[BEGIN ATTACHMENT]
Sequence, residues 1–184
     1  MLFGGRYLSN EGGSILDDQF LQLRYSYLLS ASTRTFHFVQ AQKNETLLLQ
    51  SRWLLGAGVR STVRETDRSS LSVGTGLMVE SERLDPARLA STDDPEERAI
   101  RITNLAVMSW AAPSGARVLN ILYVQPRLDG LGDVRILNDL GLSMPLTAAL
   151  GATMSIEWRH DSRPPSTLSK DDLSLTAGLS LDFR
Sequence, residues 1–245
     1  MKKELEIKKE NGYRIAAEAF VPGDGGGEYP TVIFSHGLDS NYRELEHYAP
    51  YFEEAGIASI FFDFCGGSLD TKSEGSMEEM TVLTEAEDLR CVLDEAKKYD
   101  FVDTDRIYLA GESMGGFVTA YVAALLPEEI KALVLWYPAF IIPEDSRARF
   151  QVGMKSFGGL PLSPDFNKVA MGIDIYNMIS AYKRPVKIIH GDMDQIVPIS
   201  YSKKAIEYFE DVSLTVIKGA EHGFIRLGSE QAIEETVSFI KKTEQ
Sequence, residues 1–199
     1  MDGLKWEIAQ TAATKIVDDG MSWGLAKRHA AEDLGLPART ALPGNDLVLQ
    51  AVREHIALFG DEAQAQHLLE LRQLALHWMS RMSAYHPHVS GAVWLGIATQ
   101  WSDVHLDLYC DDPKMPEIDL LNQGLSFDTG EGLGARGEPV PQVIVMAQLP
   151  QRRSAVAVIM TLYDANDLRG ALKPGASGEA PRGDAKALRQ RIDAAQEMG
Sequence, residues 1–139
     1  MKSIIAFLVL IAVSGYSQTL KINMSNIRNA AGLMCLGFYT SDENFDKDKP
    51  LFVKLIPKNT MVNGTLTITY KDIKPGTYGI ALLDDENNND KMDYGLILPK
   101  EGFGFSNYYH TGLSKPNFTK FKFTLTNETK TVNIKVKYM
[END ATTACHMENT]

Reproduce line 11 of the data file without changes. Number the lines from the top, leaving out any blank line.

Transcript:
   201  YSKKAIEYFE DVSLTVIKGA EHGFIRLGSE QAIEETVSFI KKTEQ